Open Shortest Path First (OSPF) is a routing protocol for Internet Protocol (IP) networks. It uses a link state routing (LSR) algorithm and falls into the group of interior gateway protocols (IGPs), operating within a single autonomous system (AS).
In the seven-layer OSI model of computer networking, the network layer is layer 3. The network layer is responsible for packet forwarding including routing through intermediate routers.
A distance-vector routing protocol in data networks determines the best route for data packets based on distance. Distance-vector routing protocols measure the distance by the number of routers a packet has to pass; one router counts as one hop. Some distance-vector protocols also take into account network latency and other factors that influence traffic on a given route. To determine the best route across a network, routers using a distance-vector protocol exchange information with one another, usually routing tables plus hop counts for destination networks and possibly other traffic information. Distance-vector routing protocols also require that a router inform its neighbours of network topology changes periodically.
Link-state routing protocols are one of the two main classes of routing protocols used in packet switching networks for computer communications, the others being distance-vector routing protocols. Examples of link-state routing protocols include Open Shortest Path First (OSPF) and Intermediate System to Intermediate System (IS-IS).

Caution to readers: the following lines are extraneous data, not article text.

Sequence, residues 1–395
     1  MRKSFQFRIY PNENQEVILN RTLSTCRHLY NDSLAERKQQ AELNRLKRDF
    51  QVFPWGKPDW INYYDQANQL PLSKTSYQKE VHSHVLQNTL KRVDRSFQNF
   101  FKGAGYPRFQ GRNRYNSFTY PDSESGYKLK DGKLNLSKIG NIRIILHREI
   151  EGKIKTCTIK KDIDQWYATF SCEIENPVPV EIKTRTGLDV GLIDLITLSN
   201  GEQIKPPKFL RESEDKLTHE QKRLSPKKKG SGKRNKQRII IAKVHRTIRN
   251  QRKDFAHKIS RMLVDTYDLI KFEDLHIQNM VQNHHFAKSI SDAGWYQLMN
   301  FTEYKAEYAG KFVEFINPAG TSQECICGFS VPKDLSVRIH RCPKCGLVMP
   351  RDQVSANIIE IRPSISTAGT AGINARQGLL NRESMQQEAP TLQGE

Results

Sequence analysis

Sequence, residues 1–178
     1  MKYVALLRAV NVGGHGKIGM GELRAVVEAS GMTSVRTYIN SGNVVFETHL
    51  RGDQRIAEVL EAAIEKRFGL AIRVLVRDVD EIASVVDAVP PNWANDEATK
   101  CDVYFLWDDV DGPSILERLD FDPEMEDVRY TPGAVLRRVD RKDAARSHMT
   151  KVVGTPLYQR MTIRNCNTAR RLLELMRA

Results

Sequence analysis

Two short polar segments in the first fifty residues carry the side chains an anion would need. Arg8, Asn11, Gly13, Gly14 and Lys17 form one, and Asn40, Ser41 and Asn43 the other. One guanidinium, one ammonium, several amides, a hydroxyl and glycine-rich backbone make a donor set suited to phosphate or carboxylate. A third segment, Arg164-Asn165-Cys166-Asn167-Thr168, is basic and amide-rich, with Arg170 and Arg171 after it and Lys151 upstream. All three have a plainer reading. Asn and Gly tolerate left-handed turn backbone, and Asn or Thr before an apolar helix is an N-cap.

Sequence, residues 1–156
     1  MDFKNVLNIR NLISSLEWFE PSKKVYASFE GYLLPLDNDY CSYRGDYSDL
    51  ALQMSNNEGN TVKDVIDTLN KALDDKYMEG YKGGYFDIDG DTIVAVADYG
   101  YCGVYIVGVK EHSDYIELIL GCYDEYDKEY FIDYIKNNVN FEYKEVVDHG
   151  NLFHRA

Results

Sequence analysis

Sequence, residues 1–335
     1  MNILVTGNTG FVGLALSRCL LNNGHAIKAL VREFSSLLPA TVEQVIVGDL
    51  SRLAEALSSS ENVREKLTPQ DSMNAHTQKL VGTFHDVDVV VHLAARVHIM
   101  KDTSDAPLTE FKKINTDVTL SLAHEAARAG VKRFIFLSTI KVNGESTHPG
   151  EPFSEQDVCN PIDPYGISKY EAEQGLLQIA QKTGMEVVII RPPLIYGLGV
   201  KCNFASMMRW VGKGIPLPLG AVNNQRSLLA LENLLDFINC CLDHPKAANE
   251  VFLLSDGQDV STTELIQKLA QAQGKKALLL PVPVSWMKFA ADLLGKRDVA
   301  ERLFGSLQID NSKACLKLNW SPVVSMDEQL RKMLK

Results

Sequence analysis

Anycast is a network addressing and routing methodology in which a single destination IP address is shared by devices in multiple locations. Routers direct packets addressed to this destination to the location nearest the sender, using their normal decision-making algorithms, typically the lowest number of BGP network hops. Anycast routing is widely used by content delivery networks such as web and DNS hosts, to bring their content closer to end users.
The Optimized Link State Routing Protocol (OLSR) is an IP routing protocol optimized for mobile ad hoc networks, which can also be used on other wireless ad hoc networks. OLSR is a proactive link-state routing protocol, which uses hello and topology control (TC) messages to discover and then disseminate link state information throughout the mobile ad hoc network. Individual nodes use this topology information to compute next hop destinations for all nodes in the network using shortest hop forwarding paths.
The Open Systems Interconnection protocols are a family of information exchange standards developed jointly by the ISO and the ITU-T. The standardization process began in 1977.
Bidirectional Forwarding Detection (BFD) is a network protocol that is used to detect faults between two routers or switches connected by a link. It provides low-overhead detection of faults even on physical media that doesn't support failure detection of any kind, such as Ethernet, virtual circuits, tunnels and MPLS Label Switched Paths.